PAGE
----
• Access to and/or level of spending on social services, i.e. child support and for taking care of the elderly

While a country need not have all of these factors in place to be ranked highly as a good place for women entrepreneurs, it must be able to provide evidence of societal support across all three categories. This was clearly evident in Chile, which ranked #1 for the following reasons: (1) good fiscal conditions, political and institutional stability, strong investor confidence, and perceptions of good governance; (2)  high access to technology; and (3) good security conditions and adequate access to social services.

New leader named for UN Women

zileCome August, the United Nations Entity for Gender Equality and Empowerment of Women – the 3-year-old agency better known as UN Women – will have its 2d Executive Director. She’s Phumzile Mlambo-Ngcuka (left), formerly a Deputy President of South Africa. (Prior IntLawGrrls post on her, by Naomi Norberg, here; posts on UN Women here.) (photo credit)

On Wednesday, Ban Ki-moon, the U.N. Secretary-General, announced that he’d appointed Mlambo-Ngcuka to succeed UN Women’s 1st Executive Director, Michelle Bachelet, who’s seeking election to a new term as Chile’s President. Ban’s announcement underscored Mlambo-Ngcuka’s work on behalf of women, including her role in setting up the 5-year-old Umlambo Foundation, which “provide[s] support to schools in impoverished areas in South Africa through mentorship and coaching for teachers and in Malawi through school improvements with local partners.”en

(Cross-posted from Diane Marie Amann)

Women’s independence

congressThe 4th of July holiday tends to find me thinking about women and independence. This year’s no different, and a bit of research led to the discovery that it’s a noteworthy centenary: In mid-June 1913, women from all over the world traveled to Budapest for the International Woman Suffrage Congress.

Within a month, leaders of the movement published accounts of the Congress in Jus Suffragii, a globally distributed monthly.  Celebrated were women’s internationalism and solidarity. Delighting in Hungarian authorities’ insistence that the delegates remove their hats, Connecticut native Charlotte Perkins Gilman wrote:

‘Women went about with their heads bare and their hands free.’

Suffrage victories also were celebrated. While the Congress was in session, Jus Suffragii reported, delegate Jane Addams received a telegram telling her that women in Illinois (her home state, and, incidentally, mine) were winning the vote. The Illinois women’s suffrage law would be passed on July 1, 1913 – 100 years ago this week.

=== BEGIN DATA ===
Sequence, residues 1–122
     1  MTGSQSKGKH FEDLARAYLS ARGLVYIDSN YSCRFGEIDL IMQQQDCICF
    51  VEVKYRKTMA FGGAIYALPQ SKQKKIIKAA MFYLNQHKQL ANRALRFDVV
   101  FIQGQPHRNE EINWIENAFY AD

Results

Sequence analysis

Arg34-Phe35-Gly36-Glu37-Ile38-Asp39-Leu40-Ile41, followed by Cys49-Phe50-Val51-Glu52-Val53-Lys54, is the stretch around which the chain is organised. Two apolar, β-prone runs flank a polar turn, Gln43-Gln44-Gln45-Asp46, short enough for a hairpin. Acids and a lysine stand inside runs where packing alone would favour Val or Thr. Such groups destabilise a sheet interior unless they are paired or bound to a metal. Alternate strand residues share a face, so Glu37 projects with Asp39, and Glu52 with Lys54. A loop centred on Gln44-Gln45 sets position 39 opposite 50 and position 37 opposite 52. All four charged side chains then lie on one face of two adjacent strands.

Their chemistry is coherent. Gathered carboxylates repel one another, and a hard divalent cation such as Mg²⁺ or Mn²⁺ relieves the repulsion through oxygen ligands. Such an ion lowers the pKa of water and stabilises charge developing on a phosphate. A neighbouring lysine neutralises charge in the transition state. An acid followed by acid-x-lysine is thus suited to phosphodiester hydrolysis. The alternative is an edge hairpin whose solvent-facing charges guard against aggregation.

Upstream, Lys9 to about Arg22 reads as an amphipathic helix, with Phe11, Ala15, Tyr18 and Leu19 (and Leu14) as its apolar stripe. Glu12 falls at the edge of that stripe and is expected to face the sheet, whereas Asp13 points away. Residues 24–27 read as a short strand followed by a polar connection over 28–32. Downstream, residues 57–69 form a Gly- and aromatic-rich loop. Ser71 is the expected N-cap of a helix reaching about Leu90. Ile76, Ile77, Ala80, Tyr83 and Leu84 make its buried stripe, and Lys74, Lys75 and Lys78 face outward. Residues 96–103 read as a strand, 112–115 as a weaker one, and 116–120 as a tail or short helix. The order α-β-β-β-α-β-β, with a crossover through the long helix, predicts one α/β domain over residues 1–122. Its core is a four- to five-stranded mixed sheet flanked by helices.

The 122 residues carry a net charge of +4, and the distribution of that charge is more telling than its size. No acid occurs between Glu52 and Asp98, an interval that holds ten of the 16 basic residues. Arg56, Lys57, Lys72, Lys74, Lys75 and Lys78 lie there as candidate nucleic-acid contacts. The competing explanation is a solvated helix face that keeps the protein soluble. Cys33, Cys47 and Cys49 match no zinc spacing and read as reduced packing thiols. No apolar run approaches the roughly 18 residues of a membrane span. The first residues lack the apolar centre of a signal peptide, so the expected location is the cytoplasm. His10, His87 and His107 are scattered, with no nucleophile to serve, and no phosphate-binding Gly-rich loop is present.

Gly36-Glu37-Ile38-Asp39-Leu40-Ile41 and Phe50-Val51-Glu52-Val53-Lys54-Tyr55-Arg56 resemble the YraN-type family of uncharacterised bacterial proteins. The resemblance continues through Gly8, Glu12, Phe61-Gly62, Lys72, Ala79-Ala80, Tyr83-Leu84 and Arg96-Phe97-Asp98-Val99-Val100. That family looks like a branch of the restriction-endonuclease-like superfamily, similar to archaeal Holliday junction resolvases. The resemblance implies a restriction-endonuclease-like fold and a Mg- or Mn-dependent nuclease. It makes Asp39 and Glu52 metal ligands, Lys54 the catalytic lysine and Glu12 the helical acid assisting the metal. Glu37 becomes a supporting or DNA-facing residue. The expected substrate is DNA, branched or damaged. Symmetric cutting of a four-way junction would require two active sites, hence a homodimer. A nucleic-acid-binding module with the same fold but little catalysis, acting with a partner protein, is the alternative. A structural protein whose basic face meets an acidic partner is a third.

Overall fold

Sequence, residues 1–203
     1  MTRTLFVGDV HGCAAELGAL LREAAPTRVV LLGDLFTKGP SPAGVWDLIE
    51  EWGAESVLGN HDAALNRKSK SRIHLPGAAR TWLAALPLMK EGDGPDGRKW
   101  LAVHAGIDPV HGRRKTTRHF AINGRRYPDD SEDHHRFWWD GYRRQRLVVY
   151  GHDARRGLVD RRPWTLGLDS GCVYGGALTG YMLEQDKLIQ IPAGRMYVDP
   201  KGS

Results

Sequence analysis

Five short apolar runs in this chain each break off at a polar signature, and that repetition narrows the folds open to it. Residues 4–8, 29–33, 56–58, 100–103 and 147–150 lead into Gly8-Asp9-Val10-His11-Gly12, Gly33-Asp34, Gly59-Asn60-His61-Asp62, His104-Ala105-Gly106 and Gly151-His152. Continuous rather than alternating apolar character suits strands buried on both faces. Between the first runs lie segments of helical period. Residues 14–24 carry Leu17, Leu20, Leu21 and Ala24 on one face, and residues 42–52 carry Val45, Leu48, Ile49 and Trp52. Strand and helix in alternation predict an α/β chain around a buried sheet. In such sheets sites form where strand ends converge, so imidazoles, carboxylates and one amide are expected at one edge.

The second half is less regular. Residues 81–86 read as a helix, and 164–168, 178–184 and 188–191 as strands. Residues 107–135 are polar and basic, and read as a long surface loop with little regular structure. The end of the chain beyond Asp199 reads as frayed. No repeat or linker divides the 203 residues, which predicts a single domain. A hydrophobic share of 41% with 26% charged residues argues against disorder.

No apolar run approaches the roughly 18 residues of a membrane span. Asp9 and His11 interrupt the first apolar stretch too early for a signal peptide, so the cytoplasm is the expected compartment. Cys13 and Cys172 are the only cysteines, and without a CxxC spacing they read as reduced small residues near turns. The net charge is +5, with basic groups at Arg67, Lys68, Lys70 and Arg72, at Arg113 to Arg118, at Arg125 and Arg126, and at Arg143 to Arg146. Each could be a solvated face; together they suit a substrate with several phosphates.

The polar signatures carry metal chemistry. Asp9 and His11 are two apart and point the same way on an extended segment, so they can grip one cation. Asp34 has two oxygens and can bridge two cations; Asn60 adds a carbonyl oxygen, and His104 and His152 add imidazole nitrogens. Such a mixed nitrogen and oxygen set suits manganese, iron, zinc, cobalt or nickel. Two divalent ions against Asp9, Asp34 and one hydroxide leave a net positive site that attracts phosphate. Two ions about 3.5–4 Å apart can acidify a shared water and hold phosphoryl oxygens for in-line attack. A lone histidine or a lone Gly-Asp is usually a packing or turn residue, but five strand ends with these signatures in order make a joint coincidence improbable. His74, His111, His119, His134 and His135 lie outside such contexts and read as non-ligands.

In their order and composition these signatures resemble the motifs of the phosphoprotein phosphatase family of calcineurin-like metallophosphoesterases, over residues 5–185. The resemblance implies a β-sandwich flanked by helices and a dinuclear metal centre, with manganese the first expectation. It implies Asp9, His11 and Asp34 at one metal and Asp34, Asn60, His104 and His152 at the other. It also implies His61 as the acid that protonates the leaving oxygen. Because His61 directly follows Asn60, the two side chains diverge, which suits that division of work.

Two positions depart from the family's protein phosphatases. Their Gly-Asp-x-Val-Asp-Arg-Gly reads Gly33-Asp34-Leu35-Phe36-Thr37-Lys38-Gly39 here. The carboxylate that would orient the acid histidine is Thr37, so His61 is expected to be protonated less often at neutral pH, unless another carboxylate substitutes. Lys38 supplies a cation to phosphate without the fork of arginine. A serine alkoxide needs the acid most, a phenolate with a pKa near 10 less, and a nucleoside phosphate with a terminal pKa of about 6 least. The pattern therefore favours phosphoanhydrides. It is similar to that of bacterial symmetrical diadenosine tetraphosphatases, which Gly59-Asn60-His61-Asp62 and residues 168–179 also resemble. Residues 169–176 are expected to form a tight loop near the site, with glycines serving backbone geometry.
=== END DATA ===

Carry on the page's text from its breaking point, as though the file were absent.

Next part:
sheepEdited from July 1913 onwards by Liverpool-born Mary Sheepshanks (right), the periodical was republished by Routledge. In an introduction to that 2003 reissue, Sybil Oldfield wrote that under Sheepshanks’ leadership the periodical

‘covered such controversial and still topical subjects as the age of consent for girls, alcohol control, care of children in need, education for girls, new employment openings for women, trade union rights, divorce law reform, health insurance for mothers, maternity benefits, minimum wages, prostitution, women medical workers, women police, women’s politicians, as well as women’s right to vote and women’s war experience ….’

womens-budapest-program-copyDelegates’ opposition to war was a key issue, at the conference and thereafter. Yet within a year that opposition was voiced within the context of war: July 4, 1914, was the date of burial of an Austrian archduke whose assassination would spark World War I. As noted in an essay available here, the onset of war divided and diverted suffragists. (My earlier comments on Addams and that war are here.) Women in the United States thus would not secure a constitutional amendment guaranteeing them the vote until 1920, 2 years after the war’s end.

(credit for top left 1913 photo of delegates in Budapest and credit for middle right circa-1920s photo Mary Sheepshanks courtesy of N.Y. Public Library; credit for photo below left of 1913 Congress program. Cross-posted from Diane Marie Amann)

Criminal complaint filed over German-Swiss corporate human rights abuses in Congo

OLYMPUS DIGITAL CAMERAOn 25 April 2013, the European Center for Constitutional and Human Rights (ECCHR), in co-operation with the British human rights organization Global Witness, filed a criminal complaint with the public prosecutor’s office of Tübingen in southern Germany against a senior employee of the German-Swiss timber trading company Danzer Group. The individual in question, a German citizen, is suspected of breaching his duties by failing to prevent crimes committed by Congolese security forces. There is sufficient initial suspicion that through omission the employee was complicit in rape, inflicting bodily harm, false imprisonment and arson. The public prosecutor’s office of Tübingen is now obliged to further investigate the circumstances of the case and establish whether the Danzer employee is criminally liable.